Dining with Crisostomo (a weekend at Nuvali, Laguna)

On our way back from Tagaytay, we stopped by for lunch at Solenad Nuvali, the new commercial area along the Sta. Rosa – Tagaytay road. It’s developed like a mini-BHS, with the added attraction of having a lake and boat rides.

Present were the usual suspects Italianni’s, Conti’s, Brother’s Burger and Starbucks, among others. This time around, we decided to try a restaurant that we only saw for the first time, Crisostomo. Named after Crisostomo Ibarra, our National Hero’s hero, the place had a Noli and El Fili theme. Their menu was nothing else but Filipino, and it was filled with names of Rizal’s characters. The place was filled, so it must be good, we thought.

We had the Mais ala Sybila (soup with corn, shrimp and malunggay), sinuglaw (kinilaw with grilled pork), Binagoongan ni Pia (binagoongang baboy), and halo-halo for dessert.

As we sat at the table, they gave us a bowl of green peas and cornic, which was nice. Then came the soup. It tasted good, but we found only two pieces of shrimp, and for the price we would have expected a bit more. There was not much malunggay either, but there’s an abundance of corn (To be fair, the soup was named mais anyway).

Next came the sinuglaw. The fish came in rather small slices, which quickly got “cooked” by the vinegar. For people coming from the south, who are used to getting their kinilaw very fresh, that’s never a good sign.

Next came the binagoongan. It is as one would expect for a binagoongan, though I found it a little “soupy”. You could see in the picture that there’s a lot of liquid in the dish. Maybe it’s just a different way of doing binagoongan, but I preferred the “drier” ones.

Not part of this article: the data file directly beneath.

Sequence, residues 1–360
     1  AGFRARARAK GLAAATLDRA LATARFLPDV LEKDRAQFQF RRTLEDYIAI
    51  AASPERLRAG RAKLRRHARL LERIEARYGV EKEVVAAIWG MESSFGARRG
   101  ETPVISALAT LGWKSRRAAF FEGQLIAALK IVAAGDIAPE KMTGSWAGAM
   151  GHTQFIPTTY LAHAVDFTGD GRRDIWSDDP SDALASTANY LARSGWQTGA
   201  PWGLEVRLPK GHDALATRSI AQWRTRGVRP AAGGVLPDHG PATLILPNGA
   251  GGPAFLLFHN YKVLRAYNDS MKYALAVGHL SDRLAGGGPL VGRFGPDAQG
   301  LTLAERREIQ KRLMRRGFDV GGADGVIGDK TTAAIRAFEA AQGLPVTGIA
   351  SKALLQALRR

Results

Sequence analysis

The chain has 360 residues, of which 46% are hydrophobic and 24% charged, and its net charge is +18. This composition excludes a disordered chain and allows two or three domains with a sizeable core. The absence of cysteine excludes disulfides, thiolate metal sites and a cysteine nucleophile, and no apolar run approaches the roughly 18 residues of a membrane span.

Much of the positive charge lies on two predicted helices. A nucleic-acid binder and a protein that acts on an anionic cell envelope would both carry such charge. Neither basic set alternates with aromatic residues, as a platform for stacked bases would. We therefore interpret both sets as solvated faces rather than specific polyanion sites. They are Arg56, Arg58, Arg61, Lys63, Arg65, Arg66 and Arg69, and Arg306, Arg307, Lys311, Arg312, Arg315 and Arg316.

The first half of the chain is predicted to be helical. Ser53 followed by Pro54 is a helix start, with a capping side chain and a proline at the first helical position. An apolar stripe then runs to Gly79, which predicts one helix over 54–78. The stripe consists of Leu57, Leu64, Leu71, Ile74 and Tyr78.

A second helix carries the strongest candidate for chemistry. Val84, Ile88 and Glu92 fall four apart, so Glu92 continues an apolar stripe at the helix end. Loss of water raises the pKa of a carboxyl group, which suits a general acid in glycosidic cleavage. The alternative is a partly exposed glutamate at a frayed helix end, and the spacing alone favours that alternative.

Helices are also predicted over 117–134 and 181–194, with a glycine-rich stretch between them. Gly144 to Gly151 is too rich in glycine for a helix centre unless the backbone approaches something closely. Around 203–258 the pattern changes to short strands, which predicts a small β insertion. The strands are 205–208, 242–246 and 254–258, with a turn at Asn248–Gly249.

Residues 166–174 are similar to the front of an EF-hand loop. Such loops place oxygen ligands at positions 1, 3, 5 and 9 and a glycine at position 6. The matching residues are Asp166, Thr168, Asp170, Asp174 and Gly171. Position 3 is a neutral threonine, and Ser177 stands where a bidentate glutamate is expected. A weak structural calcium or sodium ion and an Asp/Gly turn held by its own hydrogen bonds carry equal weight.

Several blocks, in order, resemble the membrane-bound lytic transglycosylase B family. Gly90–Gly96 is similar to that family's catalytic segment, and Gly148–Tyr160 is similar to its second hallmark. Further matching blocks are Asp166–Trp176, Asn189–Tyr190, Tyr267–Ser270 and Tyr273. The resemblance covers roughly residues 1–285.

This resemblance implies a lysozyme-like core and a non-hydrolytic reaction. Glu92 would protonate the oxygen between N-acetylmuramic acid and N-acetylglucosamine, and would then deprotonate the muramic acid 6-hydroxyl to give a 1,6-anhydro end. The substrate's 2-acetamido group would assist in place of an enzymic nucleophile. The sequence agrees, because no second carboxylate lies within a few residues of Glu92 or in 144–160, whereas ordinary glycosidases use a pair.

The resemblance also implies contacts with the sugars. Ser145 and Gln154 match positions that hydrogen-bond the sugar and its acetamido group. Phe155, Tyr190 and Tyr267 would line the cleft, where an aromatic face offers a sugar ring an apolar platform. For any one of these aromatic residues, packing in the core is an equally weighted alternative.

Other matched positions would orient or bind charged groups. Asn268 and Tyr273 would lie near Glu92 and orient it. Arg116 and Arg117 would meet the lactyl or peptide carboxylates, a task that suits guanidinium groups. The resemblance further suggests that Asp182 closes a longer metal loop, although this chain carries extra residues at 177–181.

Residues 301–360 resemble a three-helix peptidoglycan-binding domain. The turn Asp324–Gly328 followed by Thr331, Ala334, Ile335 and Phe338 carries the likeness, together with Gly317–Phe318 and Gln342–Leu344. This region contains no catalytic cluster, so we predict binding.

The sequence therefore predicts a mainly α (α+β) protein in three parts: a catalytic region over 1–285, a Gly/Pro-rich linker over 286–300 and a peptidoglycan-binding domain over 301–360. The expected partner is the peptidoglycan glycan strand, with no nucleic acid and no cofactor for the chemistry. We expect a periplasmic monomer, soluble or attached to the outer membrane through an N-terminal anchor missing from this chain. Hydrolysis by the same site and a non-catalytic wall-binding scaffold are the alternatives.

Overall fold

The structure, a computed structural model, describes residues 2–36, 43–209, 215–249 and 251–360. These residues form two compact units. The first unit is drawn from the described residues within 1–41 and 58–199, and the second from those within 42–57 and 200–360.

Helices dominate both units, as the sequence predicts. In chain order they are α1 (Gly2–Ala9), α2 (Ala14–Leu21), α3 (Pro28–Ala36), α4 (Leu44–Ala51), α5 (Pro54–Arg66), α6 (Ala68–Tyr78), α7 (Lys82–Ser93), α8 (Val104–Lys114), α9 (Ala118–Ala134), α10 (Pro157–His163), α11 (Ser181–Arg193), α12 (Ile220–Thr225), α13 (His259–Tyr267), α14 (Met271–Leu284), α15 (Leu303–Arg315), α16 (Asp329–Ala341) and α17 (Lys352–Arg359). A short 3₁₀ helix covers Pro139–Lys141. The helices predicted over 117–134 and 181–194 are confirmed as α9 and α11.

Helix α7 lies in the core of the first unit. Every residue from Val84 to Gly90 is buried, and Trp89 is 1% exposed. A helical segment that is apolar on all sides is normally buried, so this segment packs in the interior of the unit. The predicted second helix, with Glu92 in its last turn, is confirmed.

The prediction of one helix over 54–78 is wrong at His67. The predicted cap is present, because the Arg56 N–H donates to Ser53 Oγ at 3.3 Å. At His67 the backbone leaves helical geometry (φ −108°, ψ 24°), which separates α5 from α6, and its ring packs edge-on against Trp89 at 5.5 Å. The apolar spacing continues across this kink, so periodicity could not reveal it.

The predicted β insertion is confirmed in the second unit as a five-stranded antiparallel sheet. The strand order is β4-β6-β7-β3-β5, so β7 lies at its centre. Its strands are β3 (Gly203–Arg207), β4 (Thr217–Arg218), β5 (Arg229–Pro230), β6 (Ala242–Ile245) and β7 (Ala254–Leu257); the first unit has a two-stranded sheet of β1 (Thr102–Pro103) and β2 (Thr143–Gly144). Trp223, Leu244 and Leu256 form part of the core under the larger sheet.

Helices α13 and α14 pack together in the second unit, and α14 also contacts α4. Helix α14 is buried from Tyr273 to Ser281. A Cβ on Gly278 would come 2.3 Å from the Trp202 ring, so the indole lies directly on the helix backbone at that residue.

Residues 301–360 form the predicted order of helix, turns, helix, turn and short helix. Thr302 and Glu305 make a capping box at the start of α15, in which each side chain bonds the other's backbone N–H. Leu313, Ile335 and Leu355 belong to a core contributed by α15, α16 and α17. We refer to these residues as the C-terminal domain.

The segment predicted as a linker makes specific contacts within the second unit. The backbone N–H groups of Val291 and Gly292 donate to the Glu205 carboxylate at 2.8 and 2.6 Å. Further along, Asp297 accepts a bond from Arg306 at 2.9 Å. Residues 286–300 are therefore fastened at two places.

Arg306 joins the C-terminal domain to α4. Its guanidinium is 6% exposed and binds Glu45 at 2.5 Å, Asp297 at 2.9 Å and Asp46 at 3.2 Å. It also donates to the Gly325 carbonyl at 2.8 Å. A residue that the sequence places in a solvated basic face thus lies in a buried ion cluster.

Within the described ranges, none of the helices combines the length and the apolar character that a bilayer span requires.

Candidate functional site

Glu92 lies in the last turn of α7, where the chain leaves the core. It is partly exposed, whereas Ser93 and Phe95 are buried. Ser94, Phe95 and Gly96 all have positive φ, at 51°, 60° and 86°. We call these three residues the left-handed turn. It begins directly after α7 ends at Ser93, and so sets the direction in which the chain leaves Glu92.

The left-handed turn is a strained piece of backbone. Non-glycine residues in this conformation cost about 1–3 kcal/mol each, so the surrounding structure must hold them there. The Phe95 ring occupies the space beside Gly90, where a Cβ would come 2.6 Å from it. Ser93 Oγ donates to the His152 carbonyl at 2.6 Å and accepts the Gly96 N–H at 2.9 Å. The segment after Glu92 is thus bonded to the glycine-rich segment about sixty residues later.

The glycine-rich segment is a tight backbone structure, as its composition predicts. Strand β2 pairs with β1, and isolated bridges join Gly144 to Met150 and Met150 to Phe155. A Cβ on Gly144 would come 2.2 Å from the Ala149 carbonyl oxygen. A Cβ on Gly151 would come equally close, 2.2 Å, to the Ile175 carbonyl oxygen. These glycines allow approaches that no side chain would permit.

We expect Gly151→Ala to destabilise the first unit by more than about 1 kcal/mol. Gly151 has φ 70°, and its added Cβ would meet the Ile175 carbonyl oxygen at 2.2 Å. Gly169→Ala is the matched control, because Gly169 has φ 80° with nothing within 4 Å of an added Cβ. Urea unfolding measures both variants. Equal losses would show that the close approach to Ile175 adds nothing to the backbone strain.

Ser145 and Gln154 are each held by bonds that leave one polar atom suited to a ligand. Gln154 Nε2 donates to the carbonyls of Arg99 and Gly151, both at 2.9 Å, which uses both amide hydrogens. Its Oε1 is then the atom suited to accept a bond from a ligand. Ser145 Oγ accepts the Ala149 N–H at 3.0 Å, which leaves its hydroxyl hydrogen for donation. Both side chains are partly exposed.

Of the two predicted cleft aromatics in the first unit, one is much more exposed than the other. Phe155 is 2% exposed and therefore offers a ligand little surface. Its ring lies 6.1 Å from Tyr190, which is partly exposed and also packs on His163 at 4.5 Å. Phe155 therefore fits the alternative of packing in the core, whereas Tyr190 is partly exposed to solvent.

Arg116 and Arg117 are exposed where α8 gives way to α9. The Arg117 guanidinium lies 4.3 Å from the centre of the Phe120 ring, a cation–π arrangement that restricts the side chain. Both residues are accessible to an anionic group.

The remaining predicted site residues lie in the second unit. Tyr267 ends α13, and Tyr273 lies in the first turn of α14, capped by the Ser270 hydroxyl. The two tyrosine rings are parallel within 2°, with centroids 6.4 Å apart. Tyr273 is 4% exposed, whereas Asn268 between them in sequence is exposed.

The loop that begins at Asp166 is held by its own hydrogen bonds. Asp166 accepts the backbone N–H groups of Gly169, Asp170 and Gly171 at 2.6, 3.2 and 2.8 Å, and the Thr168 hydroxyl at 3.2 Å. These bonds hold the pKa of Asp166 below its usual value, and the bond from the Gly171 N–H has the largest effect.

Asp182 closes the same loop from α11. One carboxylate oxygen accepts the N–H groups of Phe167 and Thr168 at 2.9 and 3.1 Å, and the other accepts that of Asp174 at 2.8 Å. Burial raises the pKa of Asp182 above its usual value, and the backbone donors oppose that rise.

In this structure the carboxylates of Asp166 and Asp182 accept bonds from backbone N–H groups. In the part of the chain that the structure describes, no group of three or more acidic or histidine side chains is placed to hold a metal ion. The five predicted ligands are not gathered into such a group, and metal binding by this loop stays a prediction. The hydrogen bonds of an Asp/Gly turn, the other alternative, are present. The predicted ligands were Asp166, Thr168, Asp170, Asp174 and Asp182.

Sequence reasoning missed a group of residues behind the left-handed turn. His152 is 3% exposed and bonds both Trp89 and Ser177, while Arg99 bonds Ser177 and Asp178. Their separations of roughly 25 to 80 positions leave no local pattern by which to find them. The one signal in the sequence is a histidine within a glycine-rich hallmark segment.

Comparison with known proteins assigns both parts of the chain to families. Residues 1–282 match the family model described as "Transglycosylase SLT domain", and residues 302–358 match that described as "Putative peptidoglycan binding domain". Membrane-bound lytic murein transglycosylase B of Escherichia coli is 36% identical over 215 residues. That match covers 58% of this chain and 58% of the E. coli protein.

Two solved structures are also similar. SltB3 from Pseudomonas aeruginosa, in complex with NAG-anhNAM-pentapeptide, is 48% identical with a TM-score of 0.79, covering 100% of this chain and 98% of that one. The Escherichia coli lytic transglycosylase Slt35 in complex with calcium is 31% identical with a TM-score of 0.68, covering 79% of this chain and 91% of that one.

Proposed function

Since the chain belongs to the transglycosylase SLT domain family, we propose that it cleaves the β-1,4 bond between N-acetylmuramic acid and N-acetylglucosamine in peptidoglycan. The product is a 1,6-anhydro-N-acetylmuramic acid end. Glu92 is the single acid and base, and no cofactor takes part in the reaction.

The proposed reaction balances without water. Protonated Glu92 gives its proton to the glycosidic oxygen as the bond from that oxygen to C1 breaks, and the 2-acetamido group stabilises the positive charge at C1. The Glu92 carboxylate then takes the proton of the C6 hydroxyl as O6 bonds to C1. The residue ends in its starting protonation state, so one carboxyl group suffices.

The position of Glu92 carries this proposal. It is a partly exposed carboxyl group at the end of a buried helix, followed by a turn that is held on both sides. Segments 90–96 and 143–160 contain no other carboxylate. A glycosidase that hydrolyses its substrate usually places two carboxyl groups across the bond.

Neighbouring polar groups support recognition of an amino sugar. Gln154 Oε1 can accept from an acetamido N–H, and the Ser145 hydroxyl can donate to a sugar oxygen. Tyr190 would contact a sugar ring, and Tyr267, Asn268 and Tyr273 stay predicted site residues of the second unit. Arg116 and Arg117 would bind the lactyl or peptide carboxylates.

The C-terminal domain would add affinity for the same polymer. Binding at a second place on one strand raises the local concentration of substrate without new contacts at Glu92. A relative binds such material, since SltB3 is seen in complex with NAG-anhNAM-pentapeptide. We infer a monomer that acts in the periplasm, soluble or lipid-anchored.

Last came the halo-halo. I would not hide the fact that when I saw them bringing our halo-halo up to the counter, I thought they were still going to add more ingredients, before sending those to our table.  But, I was wrong. The waitress just picked them up and headed straight to us, tall glasses of ice with little “sahog”. To be honest, we found the “sahog” inadequate.

The place had a catchy and interesting concept, which was why we chose it. There was also another restaurant there that we haven’t tried yet, but its name I already forgot (see how this place stuck to my mind)?

When the food came though, we were…er…underwhelmed. The serving sizes were nothing to brag about, and for the price, we would have expected more shrimp on the soup, bigger slices of fish, and more sahog beneath the halo-halo. The taste of the dishes were generally good, but not something we’d go out of the way for either.

Still, we left the place with my hunger satisfied. But are we likely to be seen dining there again? Not very  =(


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